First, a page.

Black Edition version is a fully-loaded prospect

Life with an Audi Q3 | Introduction

Brenwin Naidu Motoring editor, reporter and presenter
Black Edition trimmings include glossy grille and emblems.
Black Edition trimmings include glossy grille and emblems.
Image: Supplied

Sometimes when people seek advice from us motoring scribes, their minds are already made up and all they want is affirmation. Familiarity can be the clincher when making a significant decision.

Close relatives of mine recently asked me for advice on what they should replace their five-year-old Audi Q3 with. Dutifully, I had suggested several options that I thought would complement their lifestyle many outside the four-rings brand.

They ended up replacing their 2019 Q3 1.4 TFSI with ... another Audi Q3: the 35 TFSI in high-tier Black Edition guise basically the same car they bought five years ago but with richer specification.

Those relatives of mine know the car inside and out, clearly have a good relationship with their local dealer and have come to enjoy the consistency in service they receive. Which sealed the deal. Remember that five years ago, Audi had yet to adopt its current (confusing) derivative nomenclature. The 1.4 TFSI is exactly the same as the 35 TFSI. No changes in the engine department.

Coincidentally, our newest addition to the long-term test fleet is a Q3 35 TFSI Black Edition. Until the Q2 arrived in 2017, the Q3 was the original baby of the Q-car range, first released locally in 2012.

Not much has changed since the 2019 version was released. With the Black Edition offering, Audi hopes to take full advantage of Mzansi consumerspartiality to high-specification grades. See, instead of ticking various option boxes, the Black Edition comprises some of the most popular extras.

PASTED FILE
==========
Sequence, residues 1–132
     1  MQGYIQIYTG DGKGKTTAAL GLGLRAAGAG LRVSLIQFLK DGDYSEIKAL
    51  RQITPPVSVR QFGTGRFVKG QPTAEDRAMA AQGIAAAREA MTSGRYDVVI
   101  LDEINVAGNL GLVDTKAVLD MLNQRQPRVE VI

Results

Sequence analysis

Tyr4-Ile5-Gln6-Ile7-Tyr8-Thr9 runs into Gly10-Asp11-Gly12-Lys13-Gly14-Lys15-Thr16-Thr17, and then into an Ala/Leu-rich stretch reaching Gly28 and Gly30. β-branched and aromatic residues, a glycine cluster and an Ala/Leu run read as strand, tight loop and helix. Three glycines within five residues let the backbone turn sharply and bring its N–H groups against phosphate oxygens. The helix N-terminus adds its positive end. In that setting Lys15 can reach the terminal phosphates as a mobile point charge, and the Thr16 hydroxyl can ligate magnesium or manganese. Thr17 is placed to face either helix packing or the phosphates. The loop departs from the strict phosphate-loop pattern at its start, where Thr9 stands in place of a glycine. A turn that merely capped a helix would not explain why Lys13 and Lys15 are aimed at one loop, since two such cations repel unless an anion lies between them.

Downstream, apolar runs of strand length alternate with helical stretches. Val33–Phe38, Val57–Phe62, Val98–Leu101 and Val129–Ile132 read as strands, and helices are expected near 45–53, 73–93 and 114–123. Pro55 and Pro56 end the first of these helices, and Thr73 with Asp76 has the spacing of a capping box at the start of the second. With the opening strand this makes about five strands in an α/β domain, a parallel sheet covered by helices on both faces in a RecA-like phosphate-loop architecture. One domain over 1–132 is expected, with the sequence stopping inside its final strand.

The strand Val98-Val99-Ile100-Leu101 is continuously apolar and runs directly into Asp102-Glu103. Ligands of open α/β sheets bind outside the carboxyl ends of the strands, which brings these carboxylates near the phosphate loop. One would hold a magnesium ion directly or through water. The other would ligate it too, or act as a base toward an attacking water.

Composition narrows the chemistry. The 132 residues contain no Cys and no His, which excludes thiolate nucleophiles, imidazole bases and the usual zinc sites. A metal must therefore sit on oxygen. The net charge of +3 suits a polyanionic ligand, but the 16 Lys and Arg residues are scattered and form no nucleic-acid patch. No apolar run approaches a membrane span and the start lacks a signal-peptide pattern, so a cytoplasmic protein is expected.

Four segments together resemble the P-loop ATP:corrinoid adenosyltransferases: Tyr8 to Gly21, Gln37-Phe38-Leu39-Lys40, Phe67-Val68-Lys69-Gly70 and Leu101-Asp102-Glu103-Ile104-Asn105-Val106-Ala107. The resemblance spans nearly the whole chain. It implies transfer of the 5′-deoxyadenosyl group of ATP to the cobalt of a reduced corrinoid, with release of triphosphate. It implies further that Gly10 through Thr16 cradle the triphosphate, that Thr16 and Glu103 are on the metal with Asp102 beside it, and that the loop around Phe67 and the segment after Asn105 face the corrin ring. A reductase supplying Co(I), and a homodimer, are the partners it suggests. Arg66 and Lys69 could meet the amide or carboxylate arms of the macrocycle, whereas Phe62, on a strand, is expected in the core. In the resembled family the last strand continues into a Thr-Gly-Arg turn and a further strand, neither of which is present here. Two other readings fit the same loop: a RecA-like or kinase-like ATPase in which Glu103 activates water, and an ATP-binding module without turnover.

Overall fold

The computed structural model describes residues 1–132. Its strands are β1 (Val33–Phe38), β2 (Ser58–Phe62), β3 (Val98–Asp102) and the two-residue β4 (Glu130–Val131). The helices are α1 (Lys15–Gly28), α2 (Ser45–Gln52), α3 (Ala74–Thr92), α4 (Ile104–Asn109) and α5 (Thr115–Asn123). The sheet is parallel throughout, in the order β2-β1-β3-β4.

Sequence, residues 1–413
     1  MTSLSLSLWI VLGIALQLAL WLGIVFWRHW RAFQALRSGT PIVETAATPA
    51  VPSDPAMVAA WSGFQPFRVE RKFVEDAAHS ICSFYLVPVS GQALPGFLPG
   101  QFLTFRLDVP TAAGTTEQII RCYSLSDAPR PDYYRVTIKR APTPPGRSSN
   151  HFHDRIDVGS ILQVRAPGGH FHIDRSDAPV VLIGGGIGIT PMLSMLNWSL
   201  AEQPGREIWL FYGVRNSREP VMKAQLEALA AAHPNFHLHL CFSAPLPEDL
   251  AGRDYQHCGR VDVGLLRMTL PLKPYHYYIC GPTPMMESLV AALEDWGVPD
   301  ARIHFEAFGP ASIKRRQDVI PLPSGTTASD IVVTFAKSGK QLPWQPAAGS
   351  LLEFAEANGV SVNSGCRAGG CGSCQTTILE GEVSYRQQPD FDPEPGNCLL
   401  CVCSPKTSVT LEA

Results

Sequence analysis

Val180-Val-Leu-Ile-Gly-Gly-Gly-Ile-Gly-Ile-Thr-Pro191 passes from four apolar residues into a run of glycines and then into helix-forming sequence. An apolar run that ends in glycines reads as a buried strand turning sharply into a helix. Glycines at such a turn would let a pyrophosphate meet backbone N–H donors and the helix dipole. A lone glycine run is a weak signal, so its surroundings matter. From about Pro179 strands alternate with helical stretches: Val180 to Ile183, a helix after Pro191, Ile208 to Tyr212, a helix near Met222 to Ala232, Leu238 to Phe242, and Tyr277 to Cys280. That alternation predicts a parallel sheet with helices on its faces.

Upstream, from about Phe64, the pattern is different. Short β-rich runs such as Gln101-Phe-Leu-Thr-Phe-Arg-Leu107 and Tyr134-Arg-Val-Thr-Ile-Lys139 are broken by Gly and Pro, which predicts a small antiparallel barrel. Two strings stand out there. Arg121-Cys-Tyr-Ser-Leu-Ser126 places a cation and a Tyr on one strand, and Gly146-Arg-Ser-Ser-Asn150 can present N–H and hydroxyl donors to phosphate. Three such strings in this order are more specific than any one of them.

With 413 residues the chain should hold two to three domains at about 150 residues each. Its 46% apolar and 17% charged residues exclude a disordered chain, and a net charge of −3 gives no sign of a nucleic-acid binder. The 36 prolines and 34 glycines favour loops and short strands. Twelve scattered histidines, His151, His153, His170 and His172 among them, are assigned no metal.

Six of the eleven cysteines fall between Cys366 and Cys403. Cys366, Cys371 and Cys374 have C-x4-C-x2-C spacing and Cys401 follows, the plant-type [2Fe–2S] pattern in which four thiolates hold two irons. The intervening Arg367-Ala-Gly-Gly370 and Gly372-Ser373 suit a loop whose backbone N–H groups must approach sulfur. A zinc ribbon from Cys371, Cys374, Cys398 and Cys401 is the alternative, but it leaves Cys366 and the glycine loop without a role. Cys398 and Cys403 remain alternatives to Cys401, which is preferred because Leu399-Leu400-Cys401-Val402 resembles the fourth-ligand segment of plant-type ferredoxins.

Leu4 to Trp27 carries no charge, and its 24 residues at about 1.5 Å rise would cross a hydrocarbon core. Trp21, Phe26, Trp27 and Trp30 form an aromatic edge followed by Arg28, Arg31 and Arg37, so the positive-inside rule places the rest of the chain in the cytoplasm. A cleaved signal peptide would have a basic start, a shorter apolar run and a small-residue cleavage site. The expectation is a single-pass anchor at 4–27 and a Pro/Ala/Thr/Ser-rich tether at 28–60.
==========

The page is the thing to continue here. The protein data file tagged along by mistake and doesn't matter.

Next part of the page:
From heated seats to sunroof, you will find them here.
From heated seats to sunroof, you will find them here.
Image: Supplied

For your R868,050 you get a panoramic sunroof, the semi-autonomous parking aid system, keyless-entry, keyless-start, electrically-operated tailgate, front seat heaters and front electric seat adjustment. Of course, this is in addition to the standard Q3 equipment list.

On the outside, look out for bumper elements, Audi emblems and the front grille all blacked-out in glossy trimmings. The same goes for the side mirrors. Rounding off the darker look is a set of 19-inch, multi-spoke alloy wheels. The interior has sportier seat frames, a black headliner and a steering wheel with a flat-bottom edge.

My maiden voyage with the Q3 saw me cruising down the M1 (north), joining the N1 and exiting at Winnie Mandela Drive. Consumption went all the way down to 5l/100km on this leisurely freeway stint. The 1,395cc turbocharged four-cylinder motor ticked over at about 3,000rpm at 110km/h, hardly breaking a sweat. But after another 70km of shorter commutes around town, the average had gone up to 7.8l/100km.

Its 110kW/250Nm is reasonably flexible, with acceptable grunt for quicker overtaking manoeuvres, as well as when maintaining pace in the cut and thrust of daily traffic. Drive is to the front wheels, via a six-speed, dual-clutch automatic. Interesting to note is that for less money, you can have a bigger engine, all-wheel drive and a sleeker body format: the 2.0-litre 40 TFSI Quattro S-Line Sportback goes for R839,600.

Boot space in excess of 500l with electrically-operated tailgate.
Boot space in excess of 500l with electrically-operated tailgate.

All models benefit from a five-year/100,000km maintenance plan and a one-year/unlimited-km warranty. Getting back behind the wheel of the Q3 after many years provided a reminder of its sturdy build. Audi is still a beacon of what a quality interior ought to be, with rich materials, quirk-free ergonomics and an impregnable solidity overall.

The Q3 will be in our possession for the next three months, so stay tuned for updates on just about every aspect of life together.

LONG-TERM UPDATE INTRODUCTION | 2024 Audi Q3 35 TFSI S-Tronic (Black Edition)
ODOMETER ON DELIVERY: 5,600km
CURRENT ODOMETER: 5,705km
PRAISES: Stylish exterior, high-quality interior, fully loaded with features.
GRIPES: Black Edition comes at a price – odd to have a range-topper with the smallest displacement available.
AVERAGE CONSUMPTION: 7.8l/100km


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